Date of Award

August 2016

Degree Type


Degree Name

Master of Science



First Advisor

Jennifer Earl-Boehm

Committee Members

Kyle Ebersole, Kathryn Zalewski


Kinetics, Loading, Marching, Military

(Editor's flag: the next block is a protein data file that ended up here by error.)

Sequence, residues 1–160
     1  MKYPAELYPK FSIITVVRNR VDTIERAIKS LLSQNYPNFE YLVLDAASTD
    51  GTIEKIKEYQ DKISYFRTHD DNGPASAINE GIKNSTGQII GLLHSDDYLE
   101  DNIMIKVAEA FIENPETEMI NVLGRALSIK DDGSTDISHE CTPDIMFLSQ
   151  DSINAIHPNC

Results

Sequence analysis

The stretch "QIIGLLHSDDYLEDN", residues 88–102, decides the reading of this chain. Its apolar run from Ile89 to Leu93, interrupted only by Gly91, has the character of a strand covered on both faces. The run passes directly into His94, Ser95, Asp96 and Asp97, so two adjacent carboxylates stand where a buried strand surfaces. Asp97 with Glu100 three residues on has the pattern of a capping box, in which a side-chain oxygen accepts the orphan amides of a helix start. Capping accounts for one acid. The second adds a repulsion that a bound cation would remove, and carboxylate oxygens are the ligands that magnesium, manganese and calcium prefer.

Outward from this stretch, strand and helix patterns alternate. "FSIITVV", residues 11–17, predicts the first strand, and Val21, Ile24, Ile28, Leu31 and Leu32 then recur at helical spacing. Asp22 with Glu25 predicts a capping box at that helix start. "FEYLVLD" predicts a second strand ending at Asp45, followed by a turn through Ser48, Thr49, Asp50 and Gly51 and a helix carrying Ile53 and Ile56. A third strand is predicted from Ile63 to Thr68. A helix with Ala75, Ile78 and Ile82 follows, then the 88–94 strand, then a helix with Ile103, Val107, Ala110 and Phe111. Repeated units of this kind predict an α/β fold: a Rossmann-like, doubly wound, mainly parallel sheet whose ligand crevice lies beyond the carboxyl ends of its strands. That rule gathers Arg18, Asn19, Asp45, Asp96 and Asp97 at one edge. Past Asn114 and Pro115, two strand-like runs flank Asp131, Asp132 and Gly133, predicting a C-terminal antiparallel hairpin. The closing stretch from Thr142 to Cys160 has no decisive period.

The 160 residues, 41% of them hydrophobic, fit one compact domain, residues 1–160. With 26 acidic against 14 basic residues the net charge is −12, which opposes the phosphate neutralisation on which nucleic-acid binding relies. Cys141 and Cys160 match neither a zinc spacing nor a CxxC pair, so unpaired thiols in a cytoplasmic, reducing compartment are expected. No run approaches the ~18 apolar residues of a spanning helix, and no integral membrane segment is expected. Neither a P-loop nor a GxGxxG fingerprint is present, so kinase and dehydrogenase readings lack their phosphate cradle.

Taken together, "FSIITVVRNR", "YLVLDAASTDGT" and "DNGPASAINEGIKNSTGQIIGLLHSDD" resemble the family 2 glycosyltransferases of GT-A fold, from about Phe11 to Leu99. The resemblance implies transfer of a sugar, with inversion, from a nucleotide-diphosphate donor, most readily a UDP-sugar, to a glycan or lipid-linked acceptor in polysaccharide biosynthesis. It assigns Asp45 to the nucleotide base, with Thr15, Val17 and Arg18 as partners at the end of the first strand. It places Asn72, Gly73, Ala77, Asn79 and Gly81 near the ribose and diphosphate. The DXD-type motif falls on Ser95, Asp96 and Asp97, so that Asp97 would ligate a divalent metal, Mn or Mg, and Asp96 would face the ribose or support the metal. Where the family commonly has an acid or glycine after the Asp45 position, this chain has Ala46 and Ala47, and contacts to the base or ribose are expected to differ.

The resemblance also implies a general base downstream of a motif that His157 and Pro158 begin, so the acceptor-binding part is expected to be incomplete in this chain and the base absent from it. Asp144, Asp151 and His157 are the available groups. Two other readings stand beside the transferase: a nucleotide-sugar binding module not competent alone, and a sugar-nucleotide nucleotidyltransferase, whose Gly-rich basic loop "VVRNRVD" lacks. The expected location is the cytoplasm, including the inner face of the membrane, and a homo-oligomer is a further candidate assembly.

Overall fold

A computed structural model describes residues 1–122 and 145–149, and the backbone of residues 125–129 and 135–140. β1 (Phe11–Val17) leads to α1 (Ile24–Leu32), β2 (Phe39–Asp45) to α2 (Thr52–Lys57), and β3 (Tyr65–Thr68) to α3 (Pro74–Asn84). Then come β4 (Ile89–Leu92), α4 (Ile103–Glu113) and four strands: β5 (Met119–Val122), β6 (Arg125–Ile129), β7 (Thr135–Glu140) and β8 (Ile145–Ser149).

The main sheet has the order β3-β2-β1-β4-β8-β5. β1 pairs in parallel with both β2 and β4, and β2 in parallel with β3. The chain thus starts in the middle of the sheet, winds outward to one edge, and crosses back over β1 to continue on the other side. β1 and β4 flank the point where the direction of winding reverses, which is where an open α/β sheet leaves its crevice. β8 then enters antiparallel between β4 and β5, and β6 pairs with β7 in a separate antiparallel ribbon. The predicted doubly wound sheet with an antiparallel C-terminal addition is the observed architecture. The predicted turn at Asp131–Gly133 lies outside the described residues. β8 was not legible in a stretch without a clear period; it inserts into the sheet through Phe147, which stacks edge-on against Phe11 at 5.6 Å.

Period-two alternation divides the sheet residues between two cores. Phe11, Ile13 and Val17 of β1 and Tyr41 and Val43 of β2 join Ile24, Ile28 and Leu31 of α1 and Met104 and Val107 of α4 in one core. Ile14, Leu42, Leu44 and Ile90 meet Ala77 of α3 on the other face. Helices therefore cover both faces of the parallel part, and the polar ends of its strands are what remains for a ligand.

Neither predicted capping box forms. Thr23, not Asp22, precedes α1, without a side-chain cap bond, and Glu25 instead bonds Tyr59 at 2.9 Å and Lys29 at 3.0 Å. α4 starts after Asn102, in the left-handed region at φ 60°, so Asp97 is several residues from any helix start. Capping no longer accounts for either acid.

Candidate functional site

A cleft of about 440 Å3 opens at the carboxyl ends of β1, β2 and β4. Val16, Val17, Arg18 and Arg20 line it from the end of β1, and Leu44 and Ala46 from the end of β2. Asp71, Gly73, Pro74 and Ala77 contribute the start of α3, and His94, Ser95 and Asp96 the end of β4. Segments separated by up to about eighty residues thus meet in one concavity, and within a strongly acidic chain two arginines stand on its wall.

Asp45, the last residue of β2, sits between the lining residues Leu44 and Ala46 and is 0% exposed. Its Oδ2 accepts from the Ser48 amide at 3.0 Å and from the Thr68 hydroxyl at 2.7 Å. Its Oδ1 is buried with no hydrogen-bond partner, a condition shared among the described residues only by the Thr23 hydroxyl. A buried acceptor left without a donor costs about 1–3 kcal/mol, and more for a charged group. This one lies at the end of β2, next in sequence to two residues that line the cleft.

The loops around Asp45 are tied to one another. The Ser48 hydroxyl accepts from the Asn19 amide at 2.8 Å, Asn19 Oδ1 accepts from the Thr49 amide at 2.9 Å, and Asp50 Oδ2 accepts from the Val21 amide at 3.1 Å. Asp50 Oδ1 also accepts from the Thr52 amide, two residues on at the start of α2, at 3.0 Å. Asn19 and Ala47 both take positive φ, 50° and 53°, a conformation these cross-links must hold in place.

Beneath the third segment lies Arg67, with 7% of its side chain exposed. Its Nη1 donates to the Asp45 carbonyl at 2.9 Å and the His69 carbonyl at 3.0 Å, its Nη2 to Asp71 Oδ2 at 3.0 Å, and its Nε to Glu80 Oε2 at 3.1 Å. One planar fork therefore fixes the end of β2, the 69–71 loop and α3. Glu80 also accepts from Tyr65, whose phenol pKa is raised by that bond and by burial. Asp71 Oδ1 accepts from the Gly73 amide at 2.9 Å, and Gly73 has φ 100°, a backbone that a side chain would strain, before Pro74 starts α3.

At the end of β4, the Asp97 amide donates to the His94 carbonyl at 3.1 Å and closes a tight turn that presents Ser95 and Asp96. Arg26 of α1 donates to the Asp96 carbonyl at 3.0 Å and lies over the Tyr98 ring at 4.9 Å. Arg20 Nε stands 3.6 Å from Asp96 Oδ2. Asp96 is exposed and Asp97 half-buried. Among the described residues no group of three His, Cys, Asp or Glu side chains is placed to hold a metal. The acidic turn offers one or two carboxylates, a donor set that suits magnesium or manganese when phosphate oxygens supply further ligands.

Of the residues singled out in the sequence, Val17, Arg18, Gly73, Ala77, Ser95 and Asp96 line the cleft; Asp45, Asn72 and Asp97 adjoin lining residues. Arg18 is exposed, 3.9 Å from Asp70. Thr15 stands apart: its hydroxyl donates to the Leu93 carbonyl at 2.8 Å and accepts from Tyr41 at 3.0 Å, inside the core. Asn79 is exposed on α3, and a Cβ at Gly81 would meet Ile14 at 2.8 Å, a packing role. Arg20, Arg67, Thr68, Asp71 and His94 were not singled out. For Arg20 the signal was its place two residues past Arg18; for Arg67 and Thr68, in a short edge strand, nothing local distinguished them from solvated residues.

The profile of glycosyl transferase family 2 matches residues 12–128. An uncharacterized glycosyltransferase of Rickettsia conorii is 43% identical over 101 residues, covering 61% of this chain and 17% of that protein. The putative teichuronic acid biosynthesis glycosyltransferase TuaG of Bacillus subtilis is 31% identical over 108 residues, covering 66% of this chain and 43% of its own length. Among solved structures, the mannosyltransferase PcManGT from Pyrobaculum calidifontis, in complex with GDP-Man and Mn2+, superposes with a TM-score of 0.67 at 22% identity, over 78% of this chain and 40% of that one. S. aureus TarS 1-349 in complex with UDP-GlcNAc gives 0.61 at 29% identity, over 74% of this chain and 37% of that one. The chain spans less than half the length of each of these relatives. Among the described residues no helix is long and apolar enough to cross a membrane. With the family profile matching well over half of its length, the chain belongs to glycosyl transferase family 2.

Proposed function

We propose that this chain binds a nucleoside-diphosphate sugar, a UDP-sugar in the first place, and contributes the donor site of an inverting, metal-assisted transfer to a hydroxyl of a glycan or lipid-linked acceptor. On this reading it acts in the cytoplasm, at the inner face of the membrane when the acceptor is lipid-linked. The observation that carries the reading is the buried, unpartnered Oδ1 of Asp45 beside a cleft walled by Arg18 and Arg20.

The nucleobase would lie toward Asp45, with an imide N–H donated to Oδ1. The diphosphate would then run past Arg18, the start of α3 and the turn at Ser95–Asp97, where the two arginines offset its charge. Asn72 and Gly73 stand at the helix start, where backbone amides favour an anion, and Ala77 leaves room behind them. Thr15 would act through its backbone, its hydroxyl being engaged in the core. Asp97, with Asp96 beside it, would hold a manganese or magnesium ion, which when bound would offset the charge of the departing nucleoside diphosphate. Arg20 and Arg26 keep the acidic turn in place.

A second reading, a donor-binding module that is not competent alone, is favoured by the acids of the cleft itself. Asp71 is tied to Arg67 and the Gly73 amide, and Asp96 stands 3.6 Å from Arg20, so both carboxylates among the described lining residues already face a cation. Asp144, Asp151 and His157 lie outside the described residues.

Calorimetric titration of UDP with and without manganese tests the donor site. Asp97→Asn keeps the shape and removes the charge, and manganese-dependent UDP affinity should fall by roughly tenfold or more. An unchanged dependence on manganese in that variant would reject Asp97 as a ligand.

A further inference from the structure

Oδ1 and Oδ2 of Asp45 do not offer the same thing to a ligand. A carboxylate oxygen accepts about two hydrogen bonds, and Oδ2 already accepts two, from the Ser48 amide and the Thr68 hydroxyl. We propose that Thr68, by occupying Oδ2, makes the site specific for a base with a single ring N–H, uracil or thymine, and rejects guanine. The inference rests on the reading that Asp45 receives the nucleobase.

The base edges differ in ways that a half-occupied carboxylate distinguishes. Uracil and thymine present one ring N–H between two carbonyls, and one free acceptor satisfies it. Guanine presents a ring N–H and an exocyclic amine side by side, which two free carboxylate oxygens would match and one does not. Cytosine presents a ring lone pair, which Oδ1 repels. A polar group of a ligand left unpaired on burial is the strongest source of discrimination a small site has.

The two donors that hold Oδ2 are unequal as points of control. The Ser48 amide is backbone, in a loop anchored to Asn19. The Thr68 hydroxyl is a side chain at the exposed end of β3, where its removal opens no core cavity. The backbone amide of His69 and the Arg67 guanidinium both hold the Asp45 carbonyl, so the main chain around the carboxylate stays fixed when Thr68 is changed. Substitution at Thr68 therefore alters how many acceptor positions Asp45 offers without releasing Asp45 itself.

Load carriage while performing prolonged marches may play a role in military overuse injuries. It is known that both external load carriage and muscular fatigue can contribute to increases in ground reaction forces and loading rate and play a role in stress injuries. The purpose of this study is to determine whether or not a prolonged military style ruck march will cause changes in vertical ground reaction force and loading rate. 15 healthy members of the Army ROTC and Army National Guard performed vertical jumps, had ankle dorsiflexion, plantarflexion, inversion and eversion strength measured, and walked across a force plate before and after a 4-mile ruck march wearing full combat gear and a 16kg rucksack. Paired t-tests were used determine if the ruck march caused significant changes in these measures. The pre and post march values of peak vertical ground reaction force (p<0.005), loading rate (p=0.003), plantarflexion (p=0.006), and dorsiflexion (p=0.01) strength all changed significantly. It would appear that a relatively short ruck march can elicit significant increases in both vertical ground reaction force and loading rate, while significantly reducing plantar and dorsiflexion strength, all of which are likely factors in the high rate of overuse injuries among military personnel.

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